19.
Curr Med Sci ; 39(1): 67-74, 2019 Feb.
Artigo em Inglês | MEDLINE | ID: mdl-30868493

RESUMO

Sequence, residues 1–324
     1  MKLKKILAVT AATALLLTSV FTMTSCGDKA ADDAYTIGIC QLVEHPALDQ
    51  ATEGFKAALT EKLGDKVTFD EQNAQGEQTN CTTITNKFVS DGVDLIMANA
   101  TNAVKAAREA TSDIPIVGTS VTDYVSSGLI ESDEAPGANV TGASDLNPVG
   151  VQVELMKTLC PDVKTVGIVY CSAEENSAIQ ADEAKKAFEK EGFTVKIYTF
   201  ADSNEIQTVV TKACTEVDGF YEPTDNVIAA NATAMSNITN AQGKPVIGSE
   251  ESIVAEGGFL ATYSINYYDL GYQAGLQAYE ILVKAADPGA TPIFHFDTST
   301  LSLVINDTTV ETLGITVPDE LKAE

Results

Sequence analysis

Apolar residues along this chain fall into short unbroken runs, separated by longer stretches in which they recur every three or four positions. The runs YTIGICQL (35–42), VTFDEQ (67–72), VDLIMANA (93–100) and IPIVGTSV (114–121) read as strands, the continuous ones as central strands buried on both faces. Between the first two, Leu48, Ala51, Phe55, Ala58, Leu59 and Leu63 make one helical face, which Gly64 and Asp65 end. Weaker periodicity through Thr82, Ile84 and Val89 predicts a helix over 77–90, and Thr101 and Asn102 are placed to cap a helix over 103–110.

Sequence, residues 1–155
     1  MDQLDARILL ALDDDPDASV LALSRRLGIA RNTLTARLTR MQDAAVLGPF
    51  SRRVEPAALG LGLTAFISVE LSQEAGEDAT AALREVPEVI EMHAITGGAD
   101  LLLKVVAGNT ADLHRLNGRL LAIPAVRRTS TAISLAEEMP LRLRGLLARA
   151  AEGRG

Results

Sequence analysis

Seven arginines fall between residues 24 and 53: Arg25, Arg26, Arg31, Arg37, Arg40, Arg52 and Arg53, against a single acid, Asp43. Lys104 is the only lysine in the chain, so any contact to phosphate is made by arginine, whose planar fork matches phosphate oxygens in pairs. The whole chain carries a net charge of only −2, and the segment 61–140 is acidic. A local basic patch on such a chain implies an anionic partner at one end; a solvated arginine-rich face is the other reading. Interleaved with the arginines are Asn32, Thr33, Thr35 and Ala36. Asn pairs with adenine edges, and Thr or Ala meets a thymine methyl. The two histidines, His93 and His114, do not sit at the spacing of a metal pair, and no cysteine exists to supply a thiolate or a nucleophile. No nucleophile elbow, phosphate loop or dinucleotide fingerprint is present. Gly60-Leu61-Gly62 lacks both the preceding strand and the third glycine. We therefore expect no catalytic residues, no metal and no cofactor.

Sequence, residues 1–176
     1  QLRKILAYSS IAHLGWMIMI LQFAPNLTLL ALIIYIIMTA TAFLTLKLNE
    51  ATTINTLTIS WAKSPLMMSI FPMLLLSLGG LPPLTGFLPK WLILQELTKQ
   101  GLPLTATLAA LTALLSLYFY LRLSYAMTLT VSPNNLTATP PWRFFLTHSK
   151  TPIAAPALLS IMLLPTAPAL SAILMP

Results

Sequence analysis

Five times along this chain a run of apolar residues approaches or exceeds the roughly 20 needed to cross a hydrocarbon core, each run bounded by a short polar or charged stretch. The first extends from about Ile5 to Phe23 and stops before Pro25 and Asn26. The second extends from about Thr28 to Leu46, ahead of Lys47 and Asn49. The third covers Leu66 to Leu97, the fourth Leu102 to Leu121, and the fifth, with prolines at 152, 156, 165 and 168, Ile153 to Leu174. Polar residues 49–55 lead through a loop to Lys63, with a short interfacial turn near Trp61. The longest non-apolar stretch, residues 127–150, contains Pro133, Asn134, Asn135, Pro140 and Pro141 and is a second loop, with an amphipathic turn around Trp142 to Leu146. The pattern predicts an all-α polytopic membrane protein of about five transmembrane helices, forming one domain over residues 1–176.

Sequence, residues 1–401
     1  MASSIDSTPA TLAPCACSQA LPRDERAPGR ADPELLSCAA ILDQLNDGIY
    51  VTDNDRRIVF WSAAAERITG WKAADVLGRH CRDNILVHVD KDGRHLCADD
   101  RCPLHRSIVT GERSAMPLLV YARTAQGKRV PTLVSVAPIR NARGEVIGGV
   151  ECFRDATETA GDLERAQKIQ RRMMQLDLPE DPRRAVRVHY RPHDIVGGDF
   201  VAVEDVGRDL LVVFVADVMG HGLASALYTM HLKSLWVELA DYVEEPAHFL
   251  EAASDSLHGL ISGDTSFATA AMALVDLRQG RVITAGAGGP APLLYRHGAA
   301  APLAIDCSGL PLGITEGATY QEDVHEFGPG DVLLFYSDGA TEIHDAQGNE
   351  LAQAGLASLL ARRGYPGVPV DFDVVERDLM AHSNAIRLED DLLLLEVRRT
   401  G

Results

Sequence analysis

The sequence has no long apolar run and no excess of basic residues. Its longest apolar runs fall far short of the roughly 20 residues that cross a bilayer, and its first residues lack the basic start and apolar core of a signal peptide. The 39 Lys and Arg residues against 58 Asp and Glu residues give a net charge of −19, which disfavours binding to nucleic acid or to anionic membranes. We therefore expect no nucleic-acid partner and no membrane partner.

Demyelination of axons plays an important role in the pathology of many spinal cord diseases and injuries. Remyelination in demyelinated lesions is primarily performed by oligodendrocyte progenitor cells (OPCs), which generate oligodendrocytes in the developing and mature central nervous system. The efficiency of remyelination decreases with age. Many reports suggest that this decline in remyelination results from impaired OPC recruitment and differentiation during aging. Of the various molecular mechanisms involved in aging, changes in epigenetic modifications have received particular attention. Global DNA methylation is a major epigenetic modification that plays important roles in cellular senescence and organismal aging. Thus, we aimed to evaluate the dynamic changes in the global DNA methylation profiles of OPCs derived from rat spinal cords during the aging process. We separated and cultured OPCs from the spinal cords of neonatal, 4-month-old, and 16-month-old rats and investigated the age-related alterations of genomic DNA methylation levels by using quantitative colorimetric analysis. To determine the potential cause of dynamic changes in global DNA methylation, we further analyzed the activity of DNA methyltransferases (DNMTs) and the expression of DNMT1, DNMT3a, DNMT3b, TET1, TET2, TET3, MBD2, and MeCP2 in the OPCs from each group. Our results showed the genomic DNA methylation level and the activity of DNMTs from OPCs derived from rat spinal cords decreased gradually during aging, and OPCs from 16-month-old rats were characterized by global hypomethylation. During OPC aging, the mRNA and protein expression levels of DNMT3a, DNMT3b, and MeCP2 were significantly elevated; those of DNMT1 were significantly down-regulated; and no significant changes were observed in those for TET1, TET2, TET3, or MBD2. Our results indicated that global DNA hypomethylation in aged OPCs is correlated with DNMT1 downregulation. Together, these data provide important evidence for partly elucidating the mechanism of age-related impaired OPC recruitment and differentiation and assist in the development of new treatments for promoting efficient remyelination.